Restoring the soul of the coffee shop

Of course, not all coffee shops have closed. Many shops have reduced indoor seating capacity, limited patrons to exterior seating or have restricted services to takeout only as a means to stay open. All of them have faced the difficult task of implementing safeguards while retaining the atmosphere of their establishments. Some design elements, like lighting, can easily be retained amidst social distancing and other safety measures. Others, like movable seating for collaboration, are harder to achieve safely.

While these tweaks allow businesses to stay open and ensure the safety of customers, they sap spaces of their souls.

Philosopher Michel de Certeau said that the spaces we occupy are a backdrop on which the “ensemble of possibilities” and “improvisation” of everyday life occur.

When social life fully transitions into the digital realm, these opportunities become limited. Conversations become prearranged, while the side chats that take place before or after a meeting or event have been quashed. In video meetings, participants speak to either the whole room or no one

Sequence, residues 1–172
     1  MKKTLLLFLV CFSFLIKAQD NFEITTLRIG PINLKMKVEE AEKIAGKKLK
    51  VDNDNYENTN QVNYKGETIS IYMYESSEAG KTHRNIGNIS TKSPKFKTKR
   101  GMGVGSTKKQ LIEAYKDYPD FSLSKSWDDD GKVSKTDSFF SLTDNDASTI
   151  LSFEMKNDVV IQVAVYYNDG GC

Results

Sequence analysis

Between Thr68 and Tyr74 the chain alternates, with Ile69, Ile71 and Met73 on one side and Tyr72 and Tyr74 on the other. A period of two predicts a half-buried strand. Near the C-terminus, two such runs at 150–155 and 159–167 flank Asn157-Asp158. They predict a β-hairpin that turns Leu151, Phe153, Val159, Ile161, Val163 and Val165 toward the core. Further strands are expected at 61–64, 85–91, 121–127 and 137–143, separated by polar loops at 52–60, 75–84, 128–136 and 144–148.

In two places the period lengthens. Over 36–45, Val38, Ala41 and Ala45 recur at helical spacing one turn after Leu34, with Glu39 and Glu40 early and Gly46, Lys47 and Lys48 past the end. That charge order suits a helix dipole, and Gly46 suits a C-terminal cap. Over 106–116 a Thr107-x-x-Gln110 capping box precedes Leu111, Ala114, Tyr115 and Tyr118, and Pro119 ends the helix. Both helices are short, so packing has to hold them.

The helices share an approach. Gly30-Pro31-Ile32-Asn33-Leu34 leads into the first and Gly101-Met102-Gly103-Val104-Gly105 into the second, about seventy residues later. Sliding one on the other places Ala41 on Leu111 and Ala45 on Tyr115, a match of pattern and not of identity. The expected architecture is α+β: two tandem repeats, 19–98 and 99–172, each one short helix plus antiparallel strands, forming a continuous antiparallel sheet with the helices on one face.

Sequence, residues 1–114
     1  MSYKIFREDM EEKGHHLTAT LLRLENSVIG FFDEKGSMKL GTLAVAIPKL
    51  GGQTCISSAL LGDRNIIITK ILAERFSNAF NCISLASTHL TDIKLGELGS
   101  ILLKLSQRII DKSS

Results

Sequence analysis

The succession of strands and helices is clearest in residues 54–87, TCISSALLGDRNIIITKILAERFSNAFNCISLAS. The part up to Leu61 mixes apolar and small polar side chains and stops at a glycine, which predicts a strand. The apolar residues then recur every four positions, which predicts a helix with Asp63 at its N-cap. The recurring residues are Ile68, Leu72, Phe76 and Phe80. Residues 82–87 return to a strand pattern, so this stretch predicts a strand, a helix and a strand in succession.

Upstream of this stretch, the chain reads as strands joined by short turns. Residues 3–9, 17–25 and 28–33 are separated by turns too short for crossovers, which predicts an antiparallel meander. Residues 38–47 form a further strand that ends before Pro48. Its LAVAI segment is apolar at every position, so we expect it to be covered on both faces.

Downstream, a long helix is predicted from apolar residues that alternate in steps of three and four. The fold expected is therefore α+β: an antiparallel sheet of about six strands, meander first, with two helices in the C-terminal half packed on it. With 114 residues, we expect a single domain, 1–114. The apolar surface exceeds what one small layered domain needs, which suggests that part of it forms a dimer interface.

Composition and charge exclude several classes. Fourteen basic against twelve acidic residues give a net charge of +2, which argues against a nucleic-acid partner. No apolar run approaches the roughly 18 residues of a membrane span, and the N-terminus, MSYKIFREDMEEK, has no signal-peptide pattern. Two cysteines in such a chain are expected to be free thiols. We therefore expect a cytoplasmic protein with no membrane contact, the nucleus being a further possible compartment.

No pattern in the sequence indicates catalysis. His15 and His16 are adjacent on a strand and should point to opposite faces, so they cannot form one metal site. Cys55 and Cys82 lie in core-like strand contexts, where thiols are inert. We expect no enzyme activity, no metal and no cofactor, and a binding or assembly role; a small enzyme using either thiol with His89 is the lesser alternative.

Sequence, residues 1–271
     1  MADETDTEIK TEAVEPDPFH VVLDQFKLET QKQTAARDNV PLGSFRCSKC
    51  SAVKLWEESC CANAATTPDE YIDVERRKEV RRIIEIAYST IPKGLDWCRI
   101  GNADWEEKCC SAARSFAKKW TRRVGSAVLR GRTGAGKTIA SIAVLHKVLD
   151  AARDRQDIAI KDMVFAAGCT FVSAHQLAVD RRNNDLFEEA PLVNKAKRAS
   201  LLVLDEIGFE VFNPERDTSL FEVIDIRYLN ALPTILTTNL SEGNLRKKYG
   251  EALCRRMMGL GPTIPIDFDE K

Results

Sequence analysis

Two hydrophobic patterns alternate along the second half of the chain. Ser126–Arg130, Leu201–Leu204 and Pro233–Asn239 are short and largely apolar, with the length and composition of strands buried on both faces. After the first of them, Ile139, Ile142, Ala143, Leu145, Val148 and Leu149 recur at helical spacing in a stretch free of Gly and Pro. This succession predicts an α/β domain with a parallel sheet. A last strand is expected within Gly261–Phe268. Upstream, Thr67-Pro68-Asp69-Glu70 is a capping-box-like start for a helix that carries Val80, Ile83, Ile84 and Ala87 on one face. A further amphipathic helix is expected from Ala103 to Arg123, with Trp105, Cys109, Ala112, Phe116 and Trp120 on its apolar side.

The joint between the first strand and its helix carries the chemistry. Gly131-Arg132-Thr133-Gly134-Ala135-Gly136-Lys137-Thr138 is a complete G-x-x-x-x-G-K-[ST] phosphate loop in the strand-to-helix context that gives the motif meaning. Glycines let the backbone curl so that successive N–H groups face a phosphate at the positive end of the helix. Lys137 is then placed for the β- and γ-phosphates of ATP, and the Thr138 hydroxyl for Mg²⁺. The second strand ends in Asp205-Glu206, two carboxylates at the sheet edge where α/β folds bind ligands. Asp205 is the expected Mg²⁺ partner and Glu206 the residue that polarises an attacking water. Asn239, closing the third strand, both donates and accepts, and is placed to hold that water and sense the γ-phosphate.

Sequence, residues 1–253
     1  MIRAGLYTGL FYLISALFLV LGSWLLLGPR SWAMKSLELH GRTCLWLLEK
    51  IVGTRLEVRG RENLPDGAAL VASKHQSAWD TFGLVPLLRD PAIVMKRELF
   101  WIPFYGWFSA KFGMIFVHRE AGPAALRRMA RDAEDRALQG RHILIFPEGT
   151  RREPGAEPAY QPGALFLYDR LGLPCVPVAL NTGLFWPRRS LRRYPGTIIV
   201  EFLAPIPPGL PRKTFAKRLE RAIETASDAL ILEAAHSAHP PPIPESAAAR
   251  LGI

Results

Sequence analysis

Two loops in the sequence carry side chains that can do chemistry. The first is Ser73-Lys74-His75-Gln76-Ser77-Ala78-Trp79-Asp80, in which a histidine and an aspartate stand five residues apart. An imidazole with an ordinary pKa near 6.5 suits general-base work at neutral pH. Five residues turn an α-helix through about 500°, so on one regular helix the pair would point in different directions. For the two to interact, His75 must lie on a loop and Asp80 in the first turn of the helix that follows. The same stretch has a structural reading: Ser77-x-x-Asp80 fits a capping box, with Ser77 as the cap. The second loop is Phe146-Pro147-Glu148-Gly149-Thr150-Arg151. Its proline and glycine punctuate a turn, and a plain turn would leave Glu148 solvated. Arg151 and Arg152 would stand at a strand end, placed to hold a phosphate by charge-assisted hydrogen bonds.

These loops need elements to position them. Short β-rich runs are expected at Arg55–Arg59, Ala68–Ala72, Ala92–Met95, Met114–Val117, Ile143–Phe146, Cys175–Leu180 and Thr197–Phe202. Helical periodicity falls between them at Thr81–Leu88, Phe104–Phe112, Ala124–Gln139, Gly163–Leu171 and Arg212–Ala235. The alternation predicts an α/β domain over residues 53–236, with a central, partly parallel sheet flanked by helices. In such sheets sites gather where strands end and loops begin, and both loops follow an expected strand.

For cafe owners, employees and customers, the post-pandemic era can’t come soon enough. After all, while customers ostensibly stop by their local coffee shop for a jolt of caffeine, the true draw of the place is in its haptic and hectic spirit.The Conversation

Korydon Smith, Professor of Architecture and Associate Director of Global Health Equity, University at Buffalo; Kelly Hayes McAlonie, Adjunct Instructor of Architecture, University at Buffalo, and Rebecca Rotundo, Associate Director of Instructional Design, University at Buffalo

This article is republished from The Conversation under a Creative Commons license. Read the original article.


What are emergency use authorizations, and do they guarantee that a vaccine or drug is safe?

 Tony Potts, a 69-year-old retiree, removes his face mask for a temperature check just before receiving his first injection in a phase 3 COVID-19 vaccine clinical trial sponsored by Moderna. Potts is one of 30,000 participants in the Moderna trial.

Paul Hennessy/NurPhoto via Getty ImageS


Christopher Robertson, Boston University and Jeremy Greene, Johns Hopkins University


In coming days, the Food and Drug Administration is likely to authorize new COVID-19 vaccines based on applications submitted by two companies. These authorizations have happened very fast in a process called “emergency use authorizations,” or EUAs.



Does this swift action mean that products are proven safe and effective? Not exactly. But it suggests that they may present a reasonable balance of risks and benefits.